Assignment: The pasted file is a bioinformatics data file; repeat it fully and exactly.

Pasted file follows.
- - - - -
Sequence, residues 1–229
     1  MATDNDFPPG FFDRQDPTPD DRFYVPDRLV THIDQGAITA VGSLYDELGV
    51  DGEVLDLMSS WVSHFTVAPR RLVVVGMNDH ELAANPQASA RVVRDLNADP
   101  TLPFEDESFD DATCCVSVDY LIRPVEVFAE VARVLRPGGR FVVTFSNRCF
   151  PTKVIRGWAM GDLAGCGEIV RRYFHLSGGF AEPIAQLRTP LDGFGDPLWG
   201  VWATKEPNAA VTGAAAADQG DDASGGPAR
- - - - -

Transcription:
Sequence, residues 1–229
     1  MATDNDFPPG FFDRQDPTPD DRFYVPDRLV THIDQGAITA VGSLYDELGV
    51  DGEVLDLMSS WVSHFTVAPR RLVVVGMNDH ELAANPQASA RVVRDLNADP
   101  TLPFEDESFD DATCCVSVDY LIRPVEVFAE VARVLRPGGR FVVTFSNRCF
   151  PTKVIRGWAM GDLAGCGEIV RRYFHLSGGF AEPIAQLRTP LDGFGDPLWG
   201  VWATKEPNAA VTGAAAADQG DDASGGPAR